In the 2017 version of the Cutting-edge communications course, this session was facilitated by Connie St. Louis. The session dealt with the same issues, but the facilitator offered a slightly different approach, and also shared recommendations on perfect pitches for podcasting.

Unit 5: Design led communications

Facilitated by Jeff Knezovich and Carolina Kern

In the webinar of this unit, Jeff and Carolina discuss the importance of visual design, and explain its the basic elements. They highlight the importance of consistency and coherence for creating information systems. The webinar finalises with an overview of social media campaigns and how to design the visual aspects of a media campaign. The session is not intended for designers, but rather aimed at introducing people to the importance of design, and what to take into account to bring design into communications. The following visual design resources will provide more information on design led communications.

Unit 6: Writing better copy and how ‘longform’ can survive the digital age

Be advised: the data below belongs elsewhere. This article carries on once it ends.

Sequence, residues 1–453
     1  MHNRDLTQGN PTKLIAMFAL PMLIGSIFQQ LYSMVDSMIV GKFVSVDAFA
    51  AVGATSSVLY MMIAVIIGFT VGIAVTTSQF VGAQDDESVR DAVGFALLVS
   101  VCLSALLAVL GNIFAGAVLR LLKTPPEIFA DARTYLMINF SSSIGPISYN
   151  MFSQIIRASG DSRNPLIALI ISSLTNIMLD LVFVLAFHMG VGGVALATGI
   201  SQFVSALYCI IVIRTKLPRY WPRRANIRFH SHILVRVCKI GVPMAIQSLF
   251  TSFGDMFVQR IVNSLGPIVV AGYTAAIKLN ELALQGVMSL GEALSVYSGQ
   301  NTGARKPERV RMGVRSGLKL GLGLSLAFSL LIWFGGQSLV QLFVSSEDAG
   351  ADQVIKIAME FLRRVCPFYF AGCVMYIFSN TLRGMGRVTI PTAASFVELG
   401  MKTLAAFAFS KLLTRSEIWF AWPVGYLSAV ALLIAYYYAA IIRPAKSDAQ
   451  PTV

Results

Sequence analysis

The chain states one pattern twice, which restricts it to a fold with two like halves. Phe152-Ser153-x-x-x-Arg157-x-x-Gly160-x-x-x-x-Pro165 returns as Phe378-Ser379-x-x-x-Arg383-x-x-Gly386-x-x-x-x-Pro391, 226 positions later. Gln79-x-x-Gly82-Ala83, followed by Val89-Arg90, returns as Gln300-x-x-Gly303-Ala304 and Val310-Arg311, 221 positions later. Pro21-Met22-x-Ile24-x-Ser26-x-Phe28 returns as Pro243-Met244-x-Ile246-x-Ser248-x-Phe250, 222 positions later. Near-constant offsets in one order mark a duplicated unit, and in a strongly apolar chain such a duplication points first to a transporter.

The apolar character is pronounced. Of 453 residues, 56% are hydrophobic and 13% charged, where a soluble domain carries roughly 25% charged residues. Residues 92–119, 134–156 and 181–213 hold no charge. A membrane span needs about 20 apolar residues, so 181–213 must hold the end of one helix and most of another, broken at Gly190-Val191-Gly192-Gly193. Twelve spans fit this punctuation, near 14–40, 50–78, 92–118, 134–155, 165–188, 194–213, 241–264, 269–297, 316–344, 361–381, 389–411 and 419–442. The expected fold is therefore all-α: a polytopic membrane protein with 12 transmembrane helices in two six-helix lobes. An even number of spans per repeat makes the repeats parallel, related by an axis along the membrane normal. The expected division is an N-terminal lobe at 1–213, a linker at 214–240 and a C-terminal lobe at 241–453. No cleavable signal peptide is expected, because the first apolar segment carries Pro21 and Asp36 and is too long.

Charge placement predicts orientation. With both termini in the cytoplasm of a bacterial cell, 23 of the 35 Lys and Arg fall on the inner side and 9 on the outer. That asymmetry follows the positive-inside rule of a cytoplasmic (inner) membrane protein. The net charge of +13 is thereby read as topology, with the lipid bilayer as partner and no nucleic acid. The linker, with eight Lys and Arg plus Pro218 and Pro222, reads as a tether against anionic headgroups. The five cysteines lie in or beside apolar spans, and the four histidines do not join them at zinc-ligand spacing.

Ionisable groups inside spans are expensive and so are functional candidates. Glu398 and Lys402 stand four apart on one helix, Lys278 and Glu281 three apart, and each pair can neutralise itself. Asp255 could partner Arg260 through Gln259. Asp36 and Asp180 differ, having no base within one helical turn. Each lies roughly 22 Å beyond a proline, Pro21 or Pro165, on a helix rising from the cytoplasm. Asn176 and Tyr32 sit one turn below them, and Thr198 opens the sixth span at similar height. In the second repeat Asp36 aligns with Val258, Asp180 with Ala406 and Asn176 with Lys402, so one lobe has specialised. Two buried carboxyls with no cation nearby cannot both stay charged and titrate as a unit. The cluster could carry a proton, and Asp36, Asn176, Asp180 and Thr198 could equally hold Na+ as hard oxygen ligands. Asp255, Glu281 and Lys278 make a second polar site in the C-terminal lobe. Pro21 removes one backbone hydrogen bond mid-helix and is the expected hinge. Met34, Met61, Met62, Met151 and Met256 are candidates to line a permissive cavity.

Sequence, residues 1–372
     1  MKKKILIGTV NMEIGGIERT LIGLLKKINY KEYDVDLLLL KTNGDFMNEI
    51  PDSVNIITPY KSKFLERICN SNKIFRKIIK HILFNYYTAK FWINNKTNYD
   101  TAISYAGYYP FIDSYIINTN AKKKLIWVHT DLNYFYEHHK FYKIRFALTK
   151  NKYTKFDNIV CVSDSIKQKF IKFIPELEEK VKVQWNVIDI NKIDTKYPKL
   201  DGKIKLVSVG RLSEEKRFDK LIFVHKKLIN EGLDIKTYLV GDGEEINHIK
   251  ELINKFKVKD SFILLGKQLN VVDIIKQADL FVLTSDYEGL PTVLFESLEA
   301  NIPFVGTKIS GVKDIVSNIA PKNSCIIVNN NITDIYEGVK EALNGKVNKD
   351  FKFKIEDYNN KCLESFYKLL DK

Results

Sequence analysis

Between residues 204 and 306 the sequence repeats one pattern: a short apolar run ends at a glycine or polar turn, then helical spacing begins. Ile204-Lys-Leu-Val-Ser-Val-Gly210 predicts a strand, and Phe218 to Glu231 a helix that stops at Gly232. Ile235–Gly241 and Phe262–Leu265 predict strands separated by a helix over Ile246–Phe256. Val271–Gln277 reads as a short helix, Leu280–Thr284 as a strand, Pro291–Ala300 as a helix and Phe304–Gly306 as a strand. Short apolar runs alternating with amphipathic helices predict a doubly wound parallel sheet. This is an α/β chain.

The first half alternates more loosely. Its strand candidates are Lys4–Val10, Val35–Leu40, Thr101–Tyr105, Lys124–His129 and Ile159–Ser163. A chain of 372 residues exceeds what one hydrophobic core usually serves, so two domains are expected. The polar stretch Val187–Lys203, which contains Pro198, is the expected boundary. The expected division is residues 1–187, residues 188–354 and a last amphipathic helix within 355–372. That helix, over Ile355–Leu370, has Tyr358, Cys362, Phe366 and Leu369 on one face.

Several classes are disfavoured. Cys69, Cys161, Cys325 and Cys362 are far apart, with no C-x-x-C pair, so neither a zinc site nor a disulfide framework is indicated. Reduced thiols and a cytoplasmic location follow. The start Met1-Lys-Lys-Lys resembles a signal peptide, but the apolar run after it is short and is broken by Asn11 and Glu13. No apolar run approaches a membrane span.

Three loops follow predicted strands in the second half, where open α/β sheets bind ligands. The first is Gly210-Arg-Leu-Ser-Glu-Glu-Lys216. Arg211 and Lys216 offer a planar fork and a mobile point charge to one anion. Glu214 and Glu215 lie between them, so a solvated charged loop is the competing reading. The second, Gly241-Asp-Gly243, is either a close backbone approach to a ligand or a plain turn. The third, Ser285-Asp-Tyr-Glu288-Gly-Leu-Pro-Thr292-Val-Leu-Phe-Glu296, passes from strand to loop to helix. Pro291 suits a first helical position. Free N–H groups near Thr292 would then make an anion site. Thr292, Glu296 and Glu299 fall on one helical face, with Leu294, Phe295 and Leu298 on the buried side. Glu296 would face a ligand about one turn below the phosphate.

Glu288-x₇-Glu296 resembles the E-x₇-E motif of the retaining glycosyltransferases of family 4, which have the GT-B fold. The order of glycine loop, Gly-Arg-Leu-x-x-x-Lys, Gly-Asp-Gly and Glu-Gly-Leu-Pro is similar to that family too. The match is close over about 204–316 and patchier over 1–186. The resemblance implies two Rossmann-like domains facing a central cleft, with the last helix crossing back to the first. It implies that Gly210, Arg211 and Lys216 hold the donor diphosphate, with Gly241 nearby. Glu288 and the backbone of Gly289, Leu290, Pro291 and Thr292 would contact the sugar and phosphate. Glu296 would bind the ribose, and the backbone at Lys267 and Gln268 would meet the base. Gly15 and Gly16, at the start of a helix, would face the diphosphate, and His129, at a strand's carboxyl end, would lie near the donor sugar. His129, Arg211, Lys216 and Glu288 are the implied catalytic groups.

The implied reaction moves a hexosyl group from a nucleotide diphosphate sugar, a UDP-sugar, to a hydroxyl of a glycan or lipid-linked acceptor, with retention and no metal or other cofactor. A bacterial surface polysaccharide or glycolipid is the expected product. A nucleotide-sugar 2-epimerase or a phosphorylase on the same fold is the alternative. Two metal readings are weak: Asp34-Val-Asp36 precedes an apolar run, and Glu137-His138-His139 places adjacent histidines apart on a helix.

Facilitated by Carolina Kern and Jeff Knezovich

In this webinar the facilitators discuss the importance of writing content, despite the rise of other communication forms The webinar mostly focuses on guiding listeners on how to write better copy, and gives helpful tips on how to improve  writing skills. The background note logical line of argument, provides more information, as well as the document selected resources on writing.

Unit 7: Taking events to the next level

Facilitated by Carolina Kern and Jeff Knezovich

In the webinar of this unit Carolina and Jeff explain how to make the best of an event (one of the channels to disseminate findings discussed in the course). They focus on the aspects that characterize a good event, and discuss some of the different types of events that exists. They highlight how to prepare for an event, from an organisational point of view, and also how to prepare presenters, facilitators and attendants to make the best of the event. Finally, the facilitators discuss how to extend the reach of your events, and continue the dialogue with participants beyond the event itself. The background note overview of event types  provides more information, as well as the selected resources on events  that the facilitators shared.